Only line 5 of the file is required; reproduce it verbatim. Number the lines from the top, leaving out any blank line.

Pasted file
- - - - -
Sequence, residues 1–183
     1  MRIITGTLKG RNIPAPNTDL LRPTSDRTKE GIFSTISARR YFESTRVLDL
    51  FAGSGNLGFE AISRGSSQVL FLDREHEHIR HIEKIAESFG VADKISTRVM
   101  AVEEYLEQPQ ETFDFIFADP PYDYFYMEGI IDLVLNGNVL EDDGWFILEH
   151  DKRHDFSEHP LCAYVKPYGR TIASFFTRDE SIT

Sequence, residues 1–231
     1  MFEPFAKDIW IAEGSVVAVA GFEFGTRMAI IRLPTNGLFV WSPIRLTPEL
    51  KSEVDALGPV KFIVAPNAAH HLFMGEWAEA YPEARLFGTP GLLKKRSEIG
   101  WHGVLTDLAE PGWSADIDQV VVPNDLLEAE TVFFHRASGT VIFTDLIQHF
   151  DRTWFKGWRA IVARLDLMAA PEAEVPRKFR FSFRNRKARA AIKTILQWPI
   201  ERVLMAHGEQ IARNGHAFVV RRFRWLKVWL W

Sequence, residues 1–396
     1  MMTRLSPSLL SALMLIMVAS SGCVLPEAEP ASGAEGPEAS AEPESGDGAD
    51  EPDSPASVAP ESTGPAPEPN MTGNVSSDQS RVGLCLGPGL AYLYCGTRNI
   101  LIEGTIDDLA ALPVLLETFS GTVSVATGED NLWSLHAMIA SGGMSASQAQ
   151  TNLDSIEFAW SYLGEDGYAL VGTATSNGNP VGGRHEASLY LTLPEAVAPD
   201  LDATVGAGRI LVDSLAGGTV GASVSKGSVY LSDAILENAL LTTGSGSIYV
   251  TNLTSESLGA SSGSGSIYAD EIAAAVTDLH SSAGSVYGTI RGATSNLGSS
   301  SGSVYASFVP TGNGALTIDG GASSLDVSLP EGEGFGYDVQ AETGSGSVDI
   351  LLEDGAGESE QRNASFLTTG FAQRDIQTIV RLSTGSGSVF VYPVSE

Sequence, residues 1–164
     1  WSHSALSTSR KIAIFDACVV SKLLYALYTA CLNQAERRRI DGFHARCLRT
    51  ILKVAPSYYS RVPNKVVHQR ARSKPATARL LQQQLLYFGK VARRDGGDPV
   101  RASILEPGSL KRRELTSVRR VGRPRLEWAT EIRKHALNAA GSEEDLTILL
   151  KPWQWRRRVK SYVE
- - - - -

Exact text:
   151  DKRHDFSEHP LCAYVKPYGR TIASFFTRDE SIT